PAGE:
My original post: Goodnight America
Katy’s detailed rebuttal: The Reckoning
This post is my response.
You’ve clearly spent time on this and I’m honoured you felt the opinions of an “ill-tempered brat” warrant such detailed attention. I’ll do my best to reply in similar depth.
Before we start, I cant help noticing you refer to me as ‘him’, ‘he’, ‘lad’, ‘fellow’ etc. Mine’s an anonymous blog and my profile contains no reference to my gender. It’s interesting that you made an assumption without checking either way. Then again, this scant regard for research sets the tone for the rest of your post. (It’s a serious comment as well as a cheap shot.) Let’s move onto the main business.
Firstly, I agree with your assertion that evangelical Christians are not guaranteed to vote Republican. Obviously not. But most strict evangelical Christians do, and this is the platform the Republican party uses in its election campaigns. Please bear in mind I was differentiating evangelicals from all other branches of Christianity. That’s an important point, and you’d be misinterpreting my words if you assumed I was referring to every type of Christian. Indeed, plenty of Christian Americans (and other nationalities) have no problem with homosexuality, gay marriage and so on. Evangelicals don’t normally approve, but that is only one branch of Christianity. And my point was specific to this branch.
Naturally, every Christian believes they have the ‘right’ interpretation of the Bible. I was educated at Christian schools and am consequently very familiar with the Bible. We could debate Biblical ‘meaning’ for ever and still never agree, as the book contains innumerable contradictions and allegories. Don’t forget it was written in ancient Greek and Hebrew, so unless we speak either of these languages fluently, we can’t ever be 100% sure that the translations we use encapsulate all the subtleties of the original text. I’m well aware of that particular Leviticus quote but, as I say, you can ‘prove’ anything you like with the Bible. If you’d really like to get into a detailed scriptural debate then I’d oblige, but we aren’t likely to change each other’s minds even if we try. Besides, I’ll happily respect your interpretation if you respect other people’s. I’m sure we fundamentally disagree on more or less everything, but I wouldn’t call an alternative view “stupid” the way you do.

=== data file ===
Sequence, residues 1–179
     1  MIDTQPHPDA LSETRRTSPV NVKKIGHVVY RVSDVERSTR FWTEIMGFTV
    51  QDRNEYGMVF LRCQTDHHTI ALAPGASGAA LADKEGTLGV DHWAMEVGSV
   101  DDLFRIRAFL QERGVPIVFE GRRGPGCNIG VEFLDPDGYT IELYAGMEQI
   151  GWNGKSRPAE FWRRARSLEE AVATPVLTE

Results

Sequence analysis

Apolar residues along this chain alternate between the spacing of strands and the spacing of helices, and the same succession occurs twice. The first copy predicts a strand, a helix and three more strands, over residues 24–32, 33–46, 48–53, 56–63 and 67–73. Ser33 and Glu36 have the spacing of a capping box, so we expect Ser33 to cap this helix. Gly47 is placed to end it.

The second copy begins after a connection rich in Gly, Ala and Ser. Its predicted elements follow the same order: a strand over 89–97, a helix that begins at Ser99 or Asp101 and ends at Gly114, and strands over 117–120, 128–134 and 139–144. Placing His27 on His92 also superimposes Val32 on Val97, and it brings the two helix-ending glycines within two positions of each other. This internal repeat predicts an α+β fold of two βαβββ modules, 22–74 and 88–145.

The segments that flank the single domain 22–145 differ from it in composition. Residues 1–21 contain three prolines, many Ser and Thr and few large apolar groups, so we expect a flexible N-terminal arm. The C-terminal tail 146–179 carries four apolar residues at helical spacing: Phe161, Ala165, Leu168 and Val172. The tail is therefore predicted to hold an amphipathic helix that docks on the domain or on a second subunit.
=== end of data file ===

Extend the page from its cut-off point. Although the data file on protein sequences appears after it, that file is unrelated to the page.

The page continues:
Back to Jesus. I wouldn’t call Jesus a ‘liberal’ in the modern American sense, no. I did, however, say he was one of the most tolerant left wing (in the British sense) figures in history. And I stick by this. This theory stands even if someone is not personally a Christian. History describes Jesus as a pacifist socialist (as we define that), regardless of whether you believe he’s the son of God or not. According to the New Testament, Jesus openly consorted with people whom his society despised as immoral. Isn’t that a pretty strong message to Christian bigots? How can any Christians condemn others for doing things they consider sinful when Jesus is quoted saying “Let he who is without sin cast the first stone”? How can they defend rabid warmongering if Jesus said “Turn the other cheek” and “Love thy enemy”? I could go on indefinitely but, like I said, we’d probably still never reach an agreement. Perhaps you could check non-Evangelical sources like this Christian pacifist site for an alternative viewpoint to your own.